Michaela: 10:20
Yeah. So that would make a lot of sense that you kind of don’t have that connection with this particular holiday.

Laura: 10:30
Yeah, and then, as I think about it, when my kids were little, the not good enough isms would sort of come in for me, because I was a single mom and I was broke and everything was hard. And so you know, I’m doing everything on my own and I’m not making enough money to really do a great job at supporting everybody. And so it was always every Halloween, like how can I buy these costumes? Like I can’t afford this. So just now, that makes me feel not good about myself. Every thing like how can I buy all this extra food? How can I spend money on presents, so everything just was like an exit. Everything sort of showed me how inept I was. Does that make sense? And sort of like this constant reminder of how not good enough I was as like a mom at the time. And so I think that’s really where my dislike of all types of like extras, like holiday extras, like really just like that’s where that really solidified, I think, because that was such a difficult thing to be reminded constantly in that moment of like I can’t do this, I can’t do this, I can’t do this. And then it’s like I’m disappointing my kids and I’m having to like ask for help a lot and like my parents and like I’m asking you know, and we would get food boxes from the kids school like to have get us through the holiday break, and so it was like there’s a lot of pressure. It was really hard. Yeah, it was just a lot of pressure, like there was no extra, we couldn’t do extra, and so it was really difficult for me to kind of tolerate that.

Michaela: 12:07
And so now so do you think that that was your, your kids experience of it, though, or do you think that you just put that on yourself?

Laura: 12:16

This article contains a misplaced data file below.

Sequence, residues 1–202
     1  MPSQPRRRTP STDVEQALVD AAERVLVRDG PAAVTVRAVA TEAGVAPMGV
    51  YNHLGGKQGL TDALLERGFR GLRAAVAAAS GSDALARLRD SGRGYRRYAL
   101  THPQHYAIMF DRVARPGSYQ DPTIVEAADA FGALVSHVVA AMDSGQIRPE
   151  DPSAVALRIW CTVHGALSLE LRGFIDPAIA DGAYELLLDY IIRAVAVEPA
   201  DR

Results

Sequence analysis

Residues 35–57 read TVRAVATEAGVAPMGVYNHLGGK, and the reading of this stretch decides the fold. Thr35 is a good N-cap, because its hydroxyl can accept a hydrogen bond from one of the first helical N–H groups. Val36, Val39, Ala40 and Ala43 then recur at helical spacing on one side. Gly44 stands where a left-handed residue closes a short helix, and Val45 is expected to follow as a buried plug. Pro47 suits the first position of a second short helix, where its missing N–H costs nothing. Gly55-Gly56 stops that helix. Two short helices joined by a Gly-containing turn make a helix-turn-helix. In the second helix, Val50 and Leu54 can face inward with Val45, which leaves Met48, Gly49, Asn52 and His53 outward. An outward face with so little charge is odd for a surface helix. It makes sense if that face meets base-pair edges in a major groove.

Oh, that was all me. Right, like that was me feeling this way, based on, like, expectations of society or expectations of mommy bloggers or whatever, right Like that I kind of created for myself and then me internalizing this not good enoughness that was made up because it was good enough, it was absolutely good enough. I worked my ass off and I raised three kids and you know, they never went without because I had resources and I utilized my resources and I had a great community around me. So like I wish that I didn’t have. I didn’t. I didn’t internalize that in that time, but I really do believe that now, even though my circumstances have changed, as soon as it comes up to the holidays, like I start to feel that again and I sort of just avoid it all. So like that’s kind of why I’m like this, I guess.

Michaela: 13:10
Well, that makes a lot of sense. That’s a lot. It’s a lot of pressure and I think it’s like I think that’s what it is for me too Like now is that it’s just a lot of pressure, like, even though I have the resources to do things. It’s like I would rather not spend money on that decoration to make my house look nice and my kid, my three year old, probably just going to break that thing anyways. But then I like, like I make that trade off and I consciously made that choice. But yeah, I still have the guilt and I still look at other people’s things. Like we drive by all these houses that have all the decorations and all the lights and I’m like I want that for me but I like don’t want to do the work to do it either. So it’s like this, like battle inside of myself, like and I have to tell you this like hilarious thing, so like talking about Elf on the shelf. This morning we get downstairs and thankfully fell, like saw that we had not moved. The Elf Kids are down there and he like, I think, puts it like in his pocket or something, and Grayson is literally like searching for the Elf’s name is Garrett. He’s literally searching for Garrett and I’m like, okay, so it did get moved, okay, or it’s not in the same spot, but like we can’t, it’s not anywhere else. So I was like I have it in my pocket and I’m like, oh, let’s look upstairs for Garrett, like maybe he’s up there, so I take them up there and I distract them long enough for him to like put the Elf somewhere else.